A new app developed by the UN Food and Agriculture Organization will help South African growers track the fall armyworm outbreak and access resources on how to combat it. The fall armyworm attacks maize, wheat, and sorghum at all crop stages, entering the critical organs of the plant and preventing it from growing.
The primary objective of the project is to develop a regionally harmonised framework for development and implementation of recognised Pest Free Areas (PFA) and Areas of Low Pest Prevalence (ALPP) for regulated fruit fly pests of commercial fruit commodities in southern Africa (South Africa and Mozambique).
According to agricultural meteorologist Johan van Den Berg, severe drought conditions still dominate large parts of the Northern Cape, and were prevalent in “smaller patches” of the Eastern Cape. “Some rainfall occurred in February in parts of the Northern Cape, but it was very patchy and very little follow-up rain occurred.
US oranges and South African mandarins have seen harvest increases compared to the previous season of 1% and 8% respectively. Argentinian and Turkish oranges, on the other hand, both saw declines in the harvest of 10%. Demand has been increasing as more customers, especially in Europe and North America, are purchasing products high in Vitamin C.
The declaration of a nation-wide state of disaster that appeared yesterday in the Government Gazette has taken agricultural organizations by surprise, given that large parts in the east of the country recently received good rains. In a statement Agri SA, an agricultural industry association said: "The rationale behind this national disaster declaration remains unclear due to good rains and good production prospects in most provinces."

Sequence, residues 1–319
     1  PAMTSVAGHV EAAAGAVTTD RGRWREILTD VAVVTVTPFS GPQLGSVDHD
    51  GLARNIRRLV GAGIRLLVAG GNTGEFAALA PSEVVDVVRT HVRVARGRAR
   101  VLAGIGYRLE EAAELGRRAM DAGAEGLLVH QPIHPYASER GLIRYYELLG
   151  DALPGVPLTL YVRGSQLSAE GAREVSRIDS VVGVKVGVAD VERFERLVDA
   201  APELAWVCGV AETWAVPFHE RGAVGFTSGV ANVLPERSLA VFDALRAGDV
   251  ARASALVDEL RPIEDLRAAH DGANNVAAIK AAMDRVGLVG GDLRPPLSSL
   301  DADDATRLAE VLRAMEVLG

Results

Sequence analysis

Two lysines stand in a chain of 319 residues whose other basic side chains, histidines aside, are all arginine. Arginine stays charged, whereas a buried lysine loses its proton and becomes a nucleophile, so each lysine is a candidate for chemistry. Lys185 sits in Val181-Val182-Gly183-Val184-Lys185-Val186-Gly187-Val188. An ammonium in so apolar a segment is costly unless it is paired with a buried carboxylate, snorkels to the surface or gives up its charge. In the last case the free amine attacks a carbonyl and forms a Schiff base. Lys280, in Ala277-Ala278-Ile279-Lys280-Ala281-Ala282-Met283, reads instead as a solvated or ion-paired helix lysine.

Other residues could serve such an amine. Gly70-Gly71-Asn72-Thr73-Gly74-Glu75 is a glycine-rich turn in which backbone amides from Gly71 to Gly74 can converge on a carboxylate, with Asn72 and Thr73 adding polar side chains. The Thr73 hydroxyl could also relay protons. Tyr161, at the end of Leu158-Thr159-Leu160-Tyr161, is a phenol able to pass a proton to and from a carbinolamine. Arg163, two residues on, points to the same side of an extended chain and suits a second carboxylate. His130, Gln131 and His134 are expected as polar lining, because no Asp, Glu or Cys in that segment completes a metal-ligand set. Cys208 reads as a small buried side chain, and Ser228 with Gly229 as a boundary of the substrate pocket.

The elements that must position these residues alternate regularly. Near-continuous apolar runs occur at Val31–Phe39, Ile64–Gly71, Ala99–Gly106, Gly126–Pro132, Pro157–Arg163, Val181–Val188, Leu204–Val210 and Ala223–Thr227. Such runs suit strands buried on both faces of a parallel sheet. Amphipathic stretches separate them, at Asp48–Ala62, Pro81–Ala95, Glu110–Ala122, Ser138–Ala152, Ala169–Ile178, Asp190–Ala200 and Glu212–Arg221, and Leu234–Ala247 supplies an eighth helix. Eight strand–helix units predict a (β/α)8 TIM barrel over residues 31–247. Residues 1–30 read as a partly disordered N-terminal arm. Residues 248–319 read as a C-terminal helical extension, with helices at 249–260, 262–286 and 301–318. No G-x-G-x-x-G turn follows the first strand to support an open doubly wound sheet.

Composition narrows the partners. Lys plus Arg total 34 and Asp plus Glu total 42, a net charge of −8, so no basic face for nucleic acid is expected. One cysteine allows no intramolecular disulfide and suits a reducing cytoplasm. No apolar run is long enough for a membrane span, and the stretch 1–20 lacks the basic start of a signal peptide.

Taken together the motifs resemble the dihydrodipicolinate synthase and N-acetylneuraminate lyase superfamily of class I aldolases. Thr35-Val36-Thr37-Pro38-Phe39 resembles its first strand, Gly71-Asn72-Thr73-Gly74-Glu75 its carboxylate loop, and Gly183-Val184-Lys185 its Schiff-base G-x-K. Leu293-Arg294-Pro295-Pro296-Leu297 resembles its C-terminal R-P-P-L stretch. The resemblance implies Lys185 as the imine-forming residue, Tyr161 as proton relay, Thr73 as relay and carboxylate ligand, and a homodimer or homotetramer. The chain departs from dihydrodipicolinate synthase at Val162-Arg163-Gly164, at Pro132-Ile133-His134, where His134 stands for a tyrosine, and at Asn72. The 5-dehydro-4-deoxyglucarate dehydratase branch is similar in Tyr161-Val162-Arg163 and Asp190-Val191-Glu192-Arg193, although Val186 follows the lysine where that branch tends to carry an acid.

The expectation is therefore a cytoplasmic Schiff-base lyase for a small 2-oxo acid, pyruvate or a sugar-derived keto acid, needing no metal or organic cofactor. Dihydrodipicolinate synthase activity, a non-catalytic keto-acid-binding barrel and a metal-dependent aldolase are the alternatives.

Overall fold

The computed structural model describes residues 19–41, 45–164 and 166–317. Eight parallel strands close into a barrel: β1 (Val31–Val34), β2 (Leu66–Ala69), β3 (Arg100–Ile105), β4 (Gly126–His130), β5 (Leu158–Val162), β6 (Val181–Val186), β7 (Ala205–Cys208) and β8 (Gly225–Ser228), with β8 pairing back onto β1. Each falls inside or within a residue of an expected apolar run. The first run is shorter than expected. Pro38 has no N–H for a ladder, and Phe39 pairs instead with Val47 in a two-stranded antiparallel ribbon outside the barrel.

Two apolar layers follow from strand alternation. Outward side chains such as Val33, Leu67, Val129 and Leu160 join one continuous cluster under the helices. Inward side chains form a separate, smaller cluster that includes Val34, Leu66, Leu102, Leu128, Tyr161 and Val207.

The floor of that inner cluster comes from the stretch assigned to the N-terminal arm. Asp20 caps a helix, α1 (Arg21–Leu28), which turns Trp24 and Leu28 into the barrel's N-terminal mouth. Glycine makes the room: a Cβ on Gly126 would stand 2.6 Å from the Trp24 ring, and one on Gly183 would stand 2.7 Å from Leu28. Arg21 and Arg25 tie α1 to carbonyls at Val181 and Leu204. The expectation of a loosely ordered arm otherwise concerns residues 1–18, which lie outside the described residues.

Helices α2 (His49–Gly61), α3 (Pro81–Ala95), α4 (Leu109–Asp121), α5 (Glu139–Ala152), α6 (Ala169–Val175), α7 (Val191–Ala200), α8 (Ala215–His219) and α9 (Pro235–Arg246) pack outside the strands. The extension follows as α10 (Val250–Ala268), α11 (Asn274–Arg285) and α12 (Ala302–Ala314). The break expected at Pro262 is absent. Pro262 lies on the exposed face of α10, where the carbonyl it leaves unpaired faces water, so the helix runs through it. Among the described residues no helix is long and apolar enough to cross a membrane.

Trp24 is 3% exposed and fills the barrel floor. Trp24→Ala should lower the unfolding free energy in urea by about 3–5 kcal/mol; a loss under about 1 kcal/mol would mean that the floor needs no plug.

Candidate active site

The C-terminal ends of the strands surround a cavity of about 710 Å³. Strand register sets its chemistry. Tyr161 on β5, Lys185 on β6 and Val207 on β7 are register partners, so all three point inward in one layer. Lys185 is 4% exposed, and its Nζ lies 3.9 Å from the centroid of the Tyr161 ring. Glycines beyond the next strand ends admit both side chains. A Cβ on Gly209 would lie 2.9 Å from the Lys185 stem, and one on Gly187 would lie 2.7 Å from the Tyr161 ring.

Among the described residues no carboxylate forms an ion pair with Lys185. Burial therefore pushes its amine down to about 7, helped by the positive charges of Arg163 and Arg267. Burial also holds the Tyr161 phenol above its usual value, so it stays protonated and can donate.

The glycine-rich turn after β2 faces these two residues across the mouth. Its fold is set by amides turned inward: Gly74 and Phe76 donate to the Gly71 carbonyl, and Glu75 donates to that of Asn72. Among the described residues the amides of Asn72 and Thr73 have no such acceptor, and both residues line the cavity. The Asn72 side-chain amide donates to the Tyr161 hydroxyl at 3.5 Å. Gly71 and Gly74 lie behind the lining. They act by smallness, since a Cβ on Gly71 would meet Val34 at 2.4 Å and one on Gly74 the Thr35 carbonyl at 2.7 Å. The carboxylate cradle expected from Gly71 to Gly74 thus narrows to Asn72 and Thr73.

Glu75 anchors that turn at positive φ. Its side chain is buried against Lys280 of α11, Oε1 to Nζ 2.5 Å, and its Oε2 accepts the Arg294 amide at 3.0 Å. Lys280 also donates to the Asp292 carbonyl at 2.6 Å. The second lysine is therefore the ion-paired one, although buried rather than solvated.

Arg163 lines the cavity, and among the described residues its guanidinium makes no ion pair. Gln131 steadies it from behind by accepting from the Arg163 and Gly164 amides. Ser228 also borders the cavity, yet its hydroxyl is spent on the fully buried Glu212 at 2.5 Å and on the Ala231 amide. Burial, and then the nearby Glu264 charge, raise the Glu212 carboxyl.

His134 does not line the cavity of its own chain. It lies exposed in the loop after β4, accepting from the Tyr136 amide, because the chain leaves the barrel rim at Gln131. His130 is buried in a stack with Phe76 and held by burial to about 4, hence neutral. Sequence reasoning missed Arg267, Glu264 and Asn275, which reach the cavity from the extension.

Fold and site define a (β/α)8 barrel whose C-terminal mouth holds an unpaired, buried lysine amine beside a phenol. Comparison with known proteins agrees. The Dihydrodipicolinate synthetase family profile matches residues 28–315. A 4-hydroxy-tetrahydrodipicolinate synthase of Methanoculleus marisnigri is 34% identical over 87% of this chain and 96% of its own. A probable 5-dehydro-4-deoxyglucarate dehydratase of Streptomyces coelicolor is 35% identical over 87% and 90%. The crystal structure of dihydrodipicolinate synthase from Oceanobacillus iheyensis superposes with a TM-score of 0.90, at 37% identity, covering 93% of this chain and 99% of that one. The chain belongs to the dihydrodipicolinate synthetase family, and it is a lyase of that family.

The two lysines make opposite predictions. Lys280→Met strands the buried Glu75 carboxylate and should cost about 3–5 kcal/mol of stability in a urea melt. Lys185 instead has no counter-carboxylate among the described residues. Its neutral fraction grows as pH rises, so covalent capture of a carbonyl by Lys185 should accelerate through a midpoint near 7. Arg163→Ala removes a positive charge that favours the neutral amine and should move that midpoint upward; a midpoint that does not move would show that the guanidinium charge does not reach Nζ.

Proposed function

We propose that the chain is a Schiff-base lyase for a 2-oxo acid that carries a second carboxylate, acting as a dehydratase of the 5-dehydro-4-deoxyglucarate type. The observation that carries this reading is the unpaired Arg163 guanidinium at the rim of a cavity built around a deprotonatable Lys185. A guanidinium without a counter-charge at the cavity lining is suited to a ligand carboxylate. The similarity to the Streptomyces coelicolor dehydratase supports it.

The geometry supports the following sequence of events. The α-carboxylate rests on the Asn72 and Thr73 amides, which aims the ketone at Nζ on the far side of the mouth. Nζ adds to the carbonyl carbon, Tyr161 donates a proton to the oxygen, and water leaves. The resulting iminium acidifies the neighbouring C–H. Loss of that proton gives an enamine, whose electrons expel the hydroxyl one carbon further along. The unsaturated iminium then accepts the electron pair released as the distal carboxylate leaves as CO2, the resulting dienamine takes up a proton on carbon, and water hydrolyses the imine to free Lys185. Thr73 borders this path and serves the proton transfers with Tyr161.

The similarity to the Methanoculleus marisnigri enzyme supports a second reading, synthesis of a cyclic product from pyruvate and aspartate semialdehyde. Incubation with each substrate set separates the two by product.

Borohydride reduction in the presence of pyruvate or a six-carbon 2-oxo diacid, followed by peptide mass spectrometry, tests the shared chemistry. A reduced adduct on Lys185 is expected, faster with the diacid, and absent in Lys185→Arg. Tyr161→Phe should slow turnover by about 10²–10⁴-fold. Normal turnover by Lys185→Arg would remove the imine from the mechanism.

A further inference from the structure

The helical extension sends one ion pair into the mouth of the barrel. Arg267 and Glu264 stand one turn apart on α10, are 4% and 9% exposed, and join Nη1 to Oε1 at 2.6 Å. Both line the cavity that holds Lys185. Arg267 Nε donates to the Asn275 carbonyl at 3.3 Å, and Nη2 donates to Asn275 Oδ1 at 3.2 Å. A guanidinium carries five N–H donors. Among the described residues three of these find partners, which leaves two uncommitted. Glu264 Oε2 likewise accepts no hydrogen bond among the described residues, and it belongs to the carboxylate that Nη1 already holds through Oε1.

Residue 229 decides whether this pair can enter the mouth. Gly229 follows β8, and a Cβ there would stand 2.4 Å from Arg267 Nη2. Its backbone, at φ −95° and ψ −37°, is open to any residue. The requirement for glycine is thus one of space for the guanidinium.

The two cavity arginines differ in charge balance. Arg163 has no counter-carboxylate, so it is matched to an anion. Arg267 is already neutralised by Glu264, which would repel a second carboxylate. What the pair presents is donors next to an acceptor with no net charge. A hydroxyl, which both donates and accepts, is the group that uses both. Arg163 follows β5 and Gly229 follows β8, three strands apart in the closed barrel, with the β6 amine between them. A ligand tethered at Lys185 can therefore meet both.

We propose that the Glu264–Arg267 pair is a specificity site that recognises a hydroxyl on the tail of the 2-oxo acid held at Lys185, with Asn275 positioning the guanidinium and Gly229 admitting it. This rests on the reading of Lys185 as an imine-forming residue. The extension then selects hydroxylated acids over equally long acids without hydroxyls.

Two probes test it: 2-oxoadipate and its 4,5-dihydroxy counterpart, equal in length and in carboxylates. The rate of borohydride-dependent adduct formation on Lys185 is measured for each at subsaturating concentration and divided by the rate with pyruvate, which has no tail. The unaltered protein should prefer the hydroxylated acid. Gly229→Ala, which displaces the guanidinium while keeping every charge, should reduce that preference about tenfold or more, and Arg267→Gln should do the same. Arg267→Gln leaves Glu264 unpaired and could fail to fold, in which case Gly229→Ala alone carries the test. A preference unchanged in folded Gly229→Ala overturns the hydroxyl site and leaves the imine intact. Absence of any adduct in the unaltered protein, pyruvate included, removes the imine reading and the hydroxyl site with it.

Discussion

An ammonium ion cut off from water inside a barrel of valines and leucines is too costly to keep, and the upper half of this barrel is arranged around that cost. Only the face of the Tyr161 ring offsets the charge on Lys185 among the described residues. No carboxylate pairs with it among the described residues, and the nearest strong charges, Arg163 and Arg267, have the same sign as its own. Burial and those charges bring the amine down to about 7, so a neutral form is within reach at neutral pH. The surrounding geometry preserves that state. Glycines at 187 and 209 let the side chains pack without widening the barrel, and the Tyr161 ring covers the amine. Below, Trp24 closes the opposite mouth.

Researchers at Wits University in Johannesburg, South Africa, have created the world's first framework, to better guide the management of terrestrial invasive species. By using a big data approach and combining information from the South African National Census of 2011, with the South African Plant Invaders Atlas, the researchers found a way to prioritize targets in the control of invasive species.
The month of January was a turbulent month for plums in the Western Cape when a mid-month heatwave (40°C and over for four consecutive days) was followed by wind and unseasonal rain, reducing the Custom Plum Company’s Midnight Gold plums and FlavorFall interspecific plums. Moreover, there was rain during flowering last year, reducing fruit set.
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